Hangers: If you are using a converted stock chassis it may be possible to use stock-style hangers at their original locations. In many instances, however, with a custom chassis you may need to identify the best locations and make custom hangers. For our project, we designed custom hangers at three locations and had them machined from billet aluminum. The first hanger is mounted just behind the transmission crossmember, the second is mounted under the differential, and the third mounts to the rear chassis crossmember using the original captured nuts for the spare tire well. Rubber insulators were used to give some room for movement and to insulate against vibration. Photo 05 shows the hanger at the transmission crossmember mounted to the frame. Photo 06 is the hanger under the differential and also shows the Split Personality emblem made by Austin Barnett. Photo 07 is the hanger at the rear chassis crossmember. The pipes are held in place by a connecting-rod-style mount for the first two hangers. On the third hanger, a machined holder holds the pipes from the underside. You can also see the much modified Corsa Pro-style tips in Photo 07.
Clamps: For a custom system, there are several choices in addition to the old guillotine-style clamp. One popular choice is the stainless band clamp that conforms to the mating pipes without crushing them. For this project, we found a unique clamp from Verocious Motorsports called a "V Band" clamp. It's made in 304 stainless and has two machined sealing flanges as part of the kit. The flanges are welded to each pipe, and we chose to weld them from the inside. The clamp itself fits over the male and female flanges, drawing them together. The part number for the 21/2-inch clamps we used is VBKS 250. Photo 08 shows the clamp in place.
Mufflers: There are many choices of mufflers in various lengths, widths, and shapes to fit most projects. For our project, we wanted a custom length and diameter muffler to fit under the rear of the car and work with the exit location we had chosen. Random Technology manufactured the mufflers to our design needs and did a super job. Photo 09 shows the mufflers installed.
RoutingChoices: The first choice you will make is whether you want an undercar or side-exhaust system. The latter avoids much of the clearance issues and can be simpler to connect to the exhaust header or manifold. If going under the car, you'll have to find the straightest route that will clear the major components and allow for enough space to avoid exhaust heat in the transmission tunnel, under the floor, and the gas tank.For our project, since the '63 didn't have side exhaust as an option, we wanted to retain the undercar location. We also, however, wanted to include a C5/C6 styling element, as we had with our '62, by routing the exhaust tips through a cutout in the center of the rear valance. The valance had to be cut to the height and width needed to clear the four Corsa exhaust tips, which are shown in Photo 10.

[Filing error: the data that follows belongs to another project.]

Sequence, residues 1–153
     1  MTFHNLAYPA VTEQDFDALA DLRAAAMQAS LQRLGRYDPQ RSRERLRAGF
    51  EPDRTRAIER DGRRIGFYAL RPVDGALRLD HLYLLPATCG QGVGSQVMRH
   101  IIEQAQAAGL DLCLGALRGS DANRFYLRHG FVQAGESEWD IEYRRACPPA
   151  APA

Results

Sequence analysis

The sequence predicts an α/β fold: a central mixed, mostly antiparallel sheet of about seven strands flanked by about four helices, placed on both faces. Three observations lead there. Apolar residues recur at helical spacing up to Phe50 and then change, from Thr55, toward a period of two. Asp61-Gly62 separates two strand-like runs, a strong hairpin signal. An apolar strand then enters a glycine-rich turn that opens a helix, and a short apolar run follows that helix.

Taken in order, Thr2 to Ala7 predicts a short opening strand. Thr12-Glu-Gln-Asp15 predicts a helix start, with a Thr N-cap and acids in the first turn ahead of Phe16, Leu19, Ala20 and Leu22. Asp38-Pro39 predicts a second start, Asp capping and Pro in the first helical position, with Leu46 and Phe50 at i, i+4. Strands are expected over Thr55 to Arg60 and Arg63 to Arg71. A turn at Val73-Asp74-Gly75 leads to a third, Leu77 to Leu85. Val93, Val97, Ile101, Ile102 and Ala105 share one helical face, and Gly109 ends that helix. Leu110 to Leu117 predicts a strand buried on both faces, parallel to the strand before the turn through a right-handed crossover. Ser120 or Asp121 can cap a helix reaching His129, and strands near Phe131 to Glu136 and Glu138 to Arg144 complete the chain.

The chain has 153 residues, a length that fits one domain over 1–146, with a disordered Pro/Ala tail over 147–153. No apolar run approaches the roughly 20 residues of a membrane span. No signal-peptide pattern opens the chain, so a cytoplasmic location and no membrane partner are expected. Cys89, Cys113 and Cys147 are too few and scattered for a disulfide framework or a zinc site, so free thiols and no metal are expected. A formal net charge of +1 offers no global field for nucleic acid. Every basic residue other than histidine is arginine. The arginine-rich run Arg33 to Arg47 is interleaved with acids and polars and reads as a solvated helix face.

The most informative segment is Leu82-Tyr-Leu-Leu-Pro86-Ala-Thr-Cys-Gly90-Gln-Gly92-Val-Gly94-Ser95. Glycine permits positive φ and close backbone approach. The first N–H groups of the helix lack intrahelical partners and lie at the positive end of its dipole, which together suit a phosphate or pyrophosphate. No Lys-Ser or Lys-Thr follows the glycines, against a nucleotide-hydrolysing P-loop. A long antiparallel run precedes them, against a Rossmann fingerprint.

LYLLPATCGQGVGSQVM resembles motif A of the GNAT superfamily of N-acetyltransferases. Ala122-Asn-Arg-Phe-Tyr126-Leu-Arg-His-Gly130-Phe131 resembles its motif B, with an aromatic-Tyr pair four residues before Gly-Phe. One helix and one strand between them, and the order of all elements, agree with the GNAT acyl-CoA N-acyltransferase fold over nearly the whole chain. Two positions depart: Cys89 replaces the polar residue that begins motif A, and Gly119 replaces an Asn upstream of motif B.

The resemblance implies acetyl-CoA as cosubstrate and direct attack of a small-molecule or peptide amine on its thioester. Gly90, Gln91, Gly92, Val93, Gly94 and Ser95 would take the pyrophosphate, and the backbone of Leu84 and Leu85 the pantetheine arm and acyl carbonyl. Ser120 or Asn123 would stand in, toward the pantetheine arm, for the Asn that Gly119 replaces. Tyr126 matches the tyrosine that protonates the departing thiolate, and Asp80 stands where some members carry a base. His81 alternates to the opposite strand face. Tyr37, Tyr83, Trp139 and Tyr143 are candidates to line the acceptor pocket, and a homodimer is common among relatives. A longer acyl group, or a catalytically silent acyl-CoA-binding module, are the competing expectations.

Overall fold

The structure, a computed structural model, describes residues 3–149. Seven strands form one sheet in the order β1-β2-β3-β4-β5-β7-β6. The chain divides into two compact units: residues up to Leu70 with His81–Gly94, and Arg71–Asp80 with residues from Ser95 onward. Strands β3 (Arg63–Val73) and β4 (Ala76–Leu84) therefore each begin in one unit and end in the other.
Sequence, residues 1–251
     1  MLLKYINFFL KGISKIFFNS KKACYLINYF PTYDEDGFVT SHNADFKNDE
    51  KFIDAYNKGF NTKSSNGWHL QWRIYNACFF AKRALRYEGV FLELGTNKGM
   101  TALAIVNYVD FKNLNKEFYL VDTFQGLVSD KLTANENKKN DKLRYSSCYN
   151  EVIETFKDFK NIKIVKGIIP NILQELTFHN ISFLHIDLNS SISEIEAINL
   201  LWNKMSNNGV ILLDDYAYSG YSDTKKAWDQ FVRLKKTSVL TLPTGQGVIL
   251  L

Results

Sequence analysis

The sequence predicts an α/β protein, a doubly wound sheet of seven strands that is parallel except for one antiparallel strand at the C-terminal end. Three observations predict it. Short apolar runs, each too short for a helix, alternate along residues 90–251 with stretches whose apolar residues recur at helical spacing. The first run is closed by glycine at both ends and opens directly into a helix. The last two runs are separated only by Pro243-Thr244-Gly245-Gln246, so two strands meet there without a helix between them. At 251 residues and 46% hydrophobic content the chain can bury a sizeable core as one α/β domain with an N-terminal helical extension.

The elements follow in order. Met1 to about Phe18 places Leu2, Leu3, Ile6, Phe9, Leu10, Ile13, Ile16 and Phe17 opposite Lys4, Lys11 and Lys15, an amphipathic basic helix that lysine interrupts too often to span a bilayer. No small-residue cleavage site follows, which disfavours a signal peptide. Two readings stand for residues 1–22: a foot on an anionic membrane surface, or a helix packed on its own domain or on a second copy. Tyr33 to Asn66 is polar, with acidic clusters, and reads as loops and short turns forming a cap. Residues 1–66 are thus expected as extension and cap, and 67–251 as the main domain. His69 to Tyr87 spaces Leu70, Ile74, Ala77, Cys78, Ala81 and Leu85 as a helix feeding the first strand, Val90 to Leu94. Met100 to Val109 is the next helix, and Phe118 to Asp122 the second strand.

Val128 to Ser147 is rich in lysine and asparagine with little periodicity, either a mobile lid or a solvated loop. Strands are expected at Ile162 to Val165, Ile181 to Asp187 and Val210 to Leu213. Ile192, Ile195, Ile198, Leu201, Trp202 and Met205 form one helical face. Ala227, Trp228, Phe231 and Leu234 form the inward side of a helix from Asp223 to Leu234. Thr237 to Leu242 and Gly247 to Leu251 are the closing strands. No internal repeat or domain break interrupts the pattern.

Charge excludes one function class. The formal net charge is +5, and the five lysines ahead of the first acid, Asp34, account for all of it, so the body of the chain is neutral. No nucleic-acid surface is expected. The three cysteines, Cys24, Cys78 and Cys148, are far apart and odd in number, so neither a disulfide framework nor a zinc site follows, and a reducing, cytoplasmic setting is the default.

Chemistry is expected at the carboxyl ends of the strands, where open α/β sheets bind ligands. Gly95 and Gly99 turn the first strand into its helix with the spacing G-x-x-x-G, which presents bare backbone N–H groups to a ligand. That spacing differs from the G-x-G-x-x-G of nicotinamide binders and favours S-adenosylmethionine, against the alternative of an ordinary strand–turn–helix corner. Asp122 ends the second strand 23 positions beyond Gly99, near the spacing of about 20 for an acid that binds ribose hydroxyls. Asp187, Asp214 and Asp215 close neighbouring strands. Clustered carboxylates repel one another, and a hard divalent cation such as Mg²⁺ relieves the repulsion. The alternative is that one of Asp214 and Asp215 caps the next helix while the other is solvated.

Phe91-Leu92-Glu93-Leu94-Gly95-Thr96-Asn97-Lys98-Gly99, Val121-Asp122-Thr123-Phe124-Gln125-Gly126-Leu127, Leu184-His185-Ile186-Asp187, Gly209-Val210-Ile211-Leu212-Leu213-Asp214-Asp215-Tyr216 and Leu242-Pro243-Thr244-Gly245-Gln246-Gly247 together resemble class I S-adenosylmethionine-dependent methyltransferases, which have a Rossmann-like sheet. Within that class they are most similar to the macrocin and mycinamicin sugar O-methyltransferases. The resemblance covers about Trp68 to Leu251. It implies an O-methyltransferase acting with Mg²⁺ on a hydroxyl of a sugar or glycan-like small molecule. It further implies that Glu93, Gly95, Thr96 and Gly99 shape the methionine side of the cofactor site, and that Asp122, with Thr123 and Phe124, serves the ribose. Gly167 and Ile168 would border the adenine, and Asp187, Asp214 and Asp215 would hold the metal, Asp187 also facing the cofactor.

Design: We went a little further than usual for our project by having our initial design converted into a CAD program. We worked with Ken Kleitz of Patten Cycles on the design, and they bent the system on their mandrel bender equipment. This was quite an involved process because it required taking precise measurements to attain the angles needed to mate with the collectors, clear the transmission, hit the center of the transmission crossmember openings, clear the floor and differential, and end up with the exhaust tips exiting where we wanted. Photo 11 shows the CAD drawing made by Patten Cycles, which was used as the guide for bending the pipes.
Polishing: As with everything else on this project, there were many hours spent in grinding welds, smoothing all the components, and polishing. While the smaller pieces can be done using a stationary buffer, we found the longer pipes had to be prepared by hand. After removing any marks left from the bending equipment, we began by using the Dynafile with a Trizact belt and then a random orbit sander with finer and finer grits of sandpaper. Then it was into the hand work, using strips of sandpaper from a 220 through 2,000 grit to remove any scratches and prepare for polishing. Next, we used the Porta-Cable random orbit buffer and various polishing compounds for the final finish. Photo 12 shows a comparison of the pipes before and after polishing. Photo 13 shows the polishing by hand, and the small mountain of used sandpaper and grime on the floor. Polishing the mufflers was a bit easier as they are round, and we were able to make a jig to hold them in our wood lathe. That allowed us to turn the mufflers to grind the welds and smooth the surface to prepare for polishing.